Daniel Edwards discusses the findings of a multi-institution investigation of the ability of Australia’s medical school admissions processes to predict future achievement levels.
Admission to medical school is one of the most highly competitive entry points in higher education. Considerable investment is made by universities to develop selection processes that aim to identify the most appropriate candidates for their medical programs. Such selection processes commonly include previous academic achievement, interviews, references, personal statements and performance in an aptitude test.
The Undergraduate Health Sciences and Medicine Admission Test (UMAT) is an aptitude test that has been used by many Australian and New Zealand universities since the early 1990s as part of the admissions process. Revised annually and administered by the Australian Council for Educational Research (ACER) on behalf of the consortium of institutions using the test, UMAT assesses students’ aptitude in three areas: logical reasoning, understanding people and non-verbal reasoning.
Key questions that arise in developing and evaluating admissions processes are how well the tools and the process itself predict the course performance of selected students, and how well they identify individuals who will become good doctors. These questions of ‘predictive validity’ are important, because they explore the justification for certain tools to be used; however, sometimes the importance of predictive power of admissions variables can be over-emphasised.
Selection tools are usually designed to select who is likely to succeed, but not necessarily to predict actual performance in course assessment. In other words, they are used to identify who should be selected, rather than who is likely to perform the best. Further, and more fundamentally, the ability to succeed in a medical degree does not necessarily correlate with how good a medical doctor one will become.
An ACER multi-institution investigation of the predictive validity of Australia’s medical school admissions processes, published in BMC Medical Education journal in December 2013, has helped to highlight the pitfalls of drawing generalised conclusions regarding selection tools without recognising the diverse ways in which they are designed and the variation in the institutional contexts in which they are administered.
The study examined 650 undergraduate medical students from three Australian universities as they progressed through the initial years of medical school. Two cohorts of students were used, those who sat UMAT in 2005 and commenced university in 2006, and those who sat UMAT in 2006 and commenced university in 2007. The students in the study accounted for approximately 25 per cent of all commencing undergraduate medical students in Australia in 2006 and 2007.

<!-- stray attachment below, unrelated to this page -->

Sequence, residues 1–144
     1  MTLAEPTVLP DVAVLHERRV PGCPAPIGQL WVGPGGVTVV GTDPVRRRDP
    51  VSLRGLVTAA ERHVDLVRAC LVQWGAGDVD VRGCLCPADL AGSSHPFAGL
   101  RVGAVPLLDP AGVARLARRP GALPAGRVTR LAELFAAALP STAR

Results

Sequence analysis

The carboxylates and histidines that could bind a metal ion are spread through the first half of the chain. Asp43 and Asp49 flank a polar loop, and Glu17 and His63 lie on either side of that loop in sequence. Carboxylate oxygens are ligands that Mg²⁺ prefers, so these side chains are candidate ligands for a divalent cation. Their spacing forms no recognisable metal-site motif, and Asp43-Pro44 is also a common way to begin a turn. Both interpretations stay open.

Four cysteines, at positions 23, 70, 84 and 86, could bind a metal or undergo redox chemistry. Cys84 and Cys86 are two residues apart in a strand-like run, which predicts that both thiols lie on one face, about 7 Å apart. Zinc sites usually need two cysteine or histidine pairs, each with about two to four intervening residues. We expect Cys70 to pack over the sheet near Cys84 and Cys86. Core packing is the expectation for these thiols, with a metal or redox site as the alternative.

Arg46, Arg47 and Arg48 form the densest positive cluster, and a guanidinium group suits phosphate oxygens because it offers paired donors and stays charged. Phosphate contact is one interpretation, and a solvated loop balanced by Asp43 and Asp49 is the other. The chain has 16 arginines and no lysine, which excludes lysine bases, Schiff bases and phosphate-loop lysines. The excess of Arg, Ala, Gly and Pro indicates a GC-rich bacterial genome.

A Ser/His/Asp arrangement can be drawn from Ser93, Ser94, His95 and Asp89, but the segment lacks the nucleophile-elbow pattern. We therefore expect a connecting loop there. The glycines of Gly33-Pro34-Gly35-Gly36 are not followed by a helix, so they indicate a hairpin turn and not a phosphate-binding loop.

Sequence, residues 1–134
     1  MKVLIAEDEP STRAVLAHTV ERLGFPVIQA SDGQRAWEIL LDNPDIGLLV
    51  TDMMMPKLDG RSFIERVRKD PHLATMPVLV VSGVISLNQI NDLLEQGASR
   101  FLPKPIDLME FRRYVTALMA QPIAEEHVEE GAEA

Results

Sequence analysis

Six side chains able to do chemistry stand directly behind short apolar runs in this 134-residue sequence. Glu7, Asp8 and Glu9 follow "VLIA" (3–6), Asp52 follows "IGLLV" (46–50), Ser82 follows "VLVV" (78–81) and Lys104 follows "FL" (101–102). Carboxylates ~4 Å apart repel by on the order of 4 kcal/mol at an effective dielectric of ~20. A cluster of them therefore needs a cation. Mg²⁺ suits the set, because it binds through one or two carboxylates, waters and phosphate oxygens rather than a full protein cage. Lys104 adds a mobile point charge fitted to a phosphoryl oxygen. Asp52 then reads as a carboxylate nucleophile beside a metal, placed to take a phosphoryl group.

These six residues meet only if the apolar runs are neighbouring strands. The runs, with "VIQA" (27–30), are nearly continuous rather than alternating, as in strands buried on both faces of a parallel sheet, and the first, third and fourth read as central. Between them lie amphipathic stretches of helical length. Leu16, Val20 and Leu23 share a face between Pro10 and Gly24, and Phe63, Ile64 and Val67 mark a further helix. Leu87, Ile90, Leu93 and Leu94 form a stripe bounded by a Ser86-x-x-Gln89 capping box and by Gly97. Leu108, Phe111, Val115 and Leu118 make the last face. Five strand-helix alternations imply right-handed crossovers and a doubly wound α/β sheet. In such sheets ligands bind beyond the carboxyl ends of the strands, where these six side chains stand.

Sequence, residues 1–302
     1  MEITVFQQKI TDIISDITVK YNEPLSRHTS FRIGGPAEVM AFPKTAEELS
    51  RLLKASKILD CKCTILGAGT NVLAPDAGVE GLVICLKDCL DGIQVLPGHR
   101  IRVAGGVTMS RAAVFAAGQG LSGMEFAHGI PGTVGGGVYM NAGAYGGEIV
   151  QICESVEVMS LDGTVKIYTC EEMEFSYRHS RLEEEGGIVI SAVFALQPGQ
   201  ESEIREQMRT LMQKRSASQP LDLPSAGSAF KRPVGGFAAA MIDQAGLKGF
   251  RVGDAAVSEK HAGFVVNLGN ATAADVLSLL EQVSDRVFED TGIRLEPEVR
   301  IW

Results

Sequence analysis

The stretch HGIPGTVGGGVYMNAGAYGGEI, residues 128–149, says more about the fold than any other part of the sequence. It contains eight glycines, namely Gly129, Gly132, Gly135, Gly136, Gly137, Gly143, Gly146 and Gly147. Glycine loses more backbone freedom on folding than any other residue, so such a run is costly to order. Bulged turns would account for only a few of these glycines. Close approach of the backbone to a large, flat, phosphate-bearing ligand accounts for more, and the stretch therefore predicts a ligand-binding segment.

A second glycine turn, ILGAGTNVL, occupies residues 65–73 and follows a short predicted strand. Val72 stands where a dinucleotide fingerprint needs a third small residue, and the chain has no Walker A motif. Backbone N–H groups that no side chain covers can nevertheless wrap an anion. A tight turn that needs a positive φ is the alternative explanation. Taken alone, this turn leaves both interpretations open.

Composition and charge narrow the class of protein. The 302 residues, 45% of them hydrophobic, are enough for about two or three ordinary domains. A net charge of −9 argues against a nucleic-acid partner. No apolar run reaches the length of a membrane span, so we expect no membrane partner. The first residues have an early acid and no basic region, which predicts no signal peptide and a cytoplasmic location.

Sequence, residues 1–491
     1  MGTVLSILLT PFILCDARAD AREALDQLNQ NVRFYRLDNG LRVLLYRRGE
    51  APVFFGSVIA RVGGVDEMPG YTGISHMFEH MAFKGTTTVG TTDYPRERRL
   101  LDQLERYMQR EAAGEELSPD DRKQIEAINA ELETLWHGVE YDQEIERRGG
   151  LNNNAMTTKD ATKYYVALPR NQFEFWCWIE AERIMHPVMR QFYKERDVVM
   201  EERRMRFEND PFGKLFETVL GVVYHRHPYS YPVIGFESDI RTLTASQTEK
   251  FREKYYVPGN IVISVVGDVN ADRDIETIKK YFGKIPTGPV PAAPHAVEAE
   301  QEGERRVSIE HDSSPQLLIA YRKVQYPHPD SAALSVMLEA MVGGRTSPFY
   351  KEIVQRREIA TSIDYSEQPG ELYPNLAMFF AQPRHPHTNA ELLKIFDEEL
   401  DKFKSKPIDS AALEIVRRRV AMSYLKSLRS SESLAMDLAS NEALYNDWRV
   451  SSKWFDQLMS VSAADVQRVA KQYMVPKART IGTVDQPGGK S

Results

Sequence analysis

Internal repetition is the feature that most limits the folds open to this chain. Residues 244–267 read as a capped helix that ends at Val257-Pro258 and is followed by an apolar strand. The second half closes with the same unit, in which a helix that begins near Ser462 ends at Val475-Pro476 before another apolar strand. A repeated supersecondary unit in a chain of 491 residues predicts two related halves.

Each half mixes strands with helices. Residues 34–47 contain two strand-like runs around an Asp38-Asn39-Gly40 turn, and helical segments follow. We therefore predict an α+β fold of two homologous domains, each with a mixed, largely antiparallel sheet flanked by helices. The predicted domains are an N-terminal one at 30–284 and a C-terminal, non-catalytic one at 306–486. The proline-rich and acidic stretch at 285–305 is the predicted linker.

Each institution in the study used different combinations of school achievement, UMAT score and an interview to select students for admission. The study correlated these admissions tools with students’ Grade Point Average (GPA) at each year of study. Due to the lack of moderation or calibration processes in Australian higher education, GPAs are not comparable between institutions.
In the main, the analyses showed considerable variation in the predictive validity of all three admissions tools across the institutions involved in the study. Some of the more consistent findings were that academic performance in the first two years of study was largely found to correlate with the UMAT Total score – that is, students who achieved higher UMAT Total scores tended to achieve higher GPAs.
Exploring the individual section scores of UMAT, this correlation appears to be largely driven by the logical reasoning and understanding people sections. There was less of a relationship between GPA and non-verbal reasoning scores, which is understandable, given that this is not a skill commonly assessed in university outcomes. Different parts of UMAT may correlate more highly with different individual assessments at university.
Looking at the other admissions tools employed by institutions, interviews were not found to be a strong predictor of GPA – probably for similar reasons to the UMAT non-verbal reasoning scores. School achievement was a significant predictor of GPA across the first four years of study at one institution, across the first and third years at another institution, and not at all in the final institution.
It is difficult to generalise the results from predictive validity studies such as this, due to the diverse ways in which admissions tools are applied and the variation in the institutional context in which they are implemented. Yet, while there were differences between institutions, across years and among the tools used for admissions, one constant shown through this study is that the use of multiple tools does result in an increase in predictive validity.
Each selection tool incrementally added to explaining the variance of outcomes of medical school. Yet the tools were only able to explain between three and 36 per cent of the variance in GPA, indicating that these admissions tools only explain a relatively small proportion of how students will perform in their studies.
Overall, the study has been used to show that the same admissions tools can ‘perform’ very differently in different medical schools, and even in the same medical school across different cohorts. As such, while useful for identifying the efficacy of selection processes, predictive validity studies should be interpreted with careful consideration of the admissions and educational assessment practices in which they are being evaluated. ■
Read the full report:
‘Same admissions tools, different outcomes: a critical perspective on predictive validity in three undergraduate medical schools’ by Daniel Edwards, Tim Friedman and Jacob Pearce.